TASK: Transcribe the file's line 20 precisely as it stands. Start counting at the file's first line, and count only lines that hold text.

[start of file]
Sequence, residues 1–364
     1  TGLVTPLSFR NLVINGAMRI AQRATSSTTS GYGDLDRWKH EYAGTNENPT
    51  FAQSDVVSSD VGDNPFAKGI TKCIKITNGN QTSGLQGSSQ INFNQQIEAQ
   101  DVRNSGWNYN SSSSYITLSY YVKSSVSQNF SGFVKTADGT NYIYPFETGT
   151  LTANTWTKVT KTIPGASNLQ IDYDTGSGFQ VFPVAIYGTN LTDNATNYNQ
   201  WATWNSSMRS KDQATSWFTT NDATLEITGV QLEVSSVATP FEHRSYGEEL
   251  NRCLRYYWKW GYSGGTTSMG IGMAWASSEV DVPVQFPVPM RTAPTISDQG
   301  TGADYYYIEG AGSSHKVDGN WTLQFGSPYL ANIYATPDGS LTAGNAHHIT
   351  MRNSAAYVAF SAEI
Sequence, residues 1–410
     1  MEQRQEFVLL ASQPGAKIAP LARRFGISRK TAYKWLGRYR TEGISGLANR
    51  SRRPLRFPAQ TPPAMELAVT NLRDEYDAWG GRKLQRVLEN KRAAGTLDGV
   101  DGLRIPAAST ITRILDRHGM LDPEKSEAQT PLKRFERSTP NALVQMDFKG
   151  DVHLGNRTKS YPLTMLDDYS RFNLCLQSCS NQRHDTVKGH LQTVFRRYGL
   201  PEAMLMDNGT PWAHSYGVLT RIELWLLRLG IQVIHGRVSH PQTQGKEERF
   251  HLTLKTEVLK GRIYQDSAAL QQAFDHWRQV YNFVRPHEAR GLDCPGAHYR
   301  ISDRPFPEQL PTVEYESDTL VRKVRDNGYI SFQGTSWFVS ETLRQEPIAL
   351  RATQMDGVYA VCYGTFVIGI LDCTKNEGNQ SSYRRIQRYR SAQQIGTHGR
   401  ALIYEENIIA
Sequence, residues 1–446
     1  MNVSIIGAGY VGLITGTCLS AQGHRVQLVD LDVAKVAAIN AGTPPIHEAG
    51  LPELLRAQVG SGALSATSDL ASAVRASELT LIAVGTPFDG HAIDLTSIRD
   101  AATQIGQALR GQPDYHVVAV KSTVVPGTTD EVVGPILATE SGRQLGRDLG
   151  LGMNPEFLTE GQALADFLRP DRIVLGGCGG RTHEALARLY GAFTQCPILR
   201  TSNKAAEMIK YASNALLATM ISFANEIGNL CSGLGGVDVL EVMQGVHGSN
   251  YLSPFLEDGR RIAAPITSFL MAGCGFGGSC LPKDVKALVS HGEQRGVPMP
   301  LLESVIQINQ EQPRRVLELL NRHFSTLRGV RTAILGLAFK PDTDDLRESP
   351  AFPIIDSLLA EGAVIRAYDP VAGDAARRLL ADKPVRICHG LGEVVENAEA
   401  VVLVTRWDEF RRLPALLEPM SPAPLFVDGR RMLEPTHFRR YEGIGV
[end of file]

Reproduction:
Sequence, residues 1–446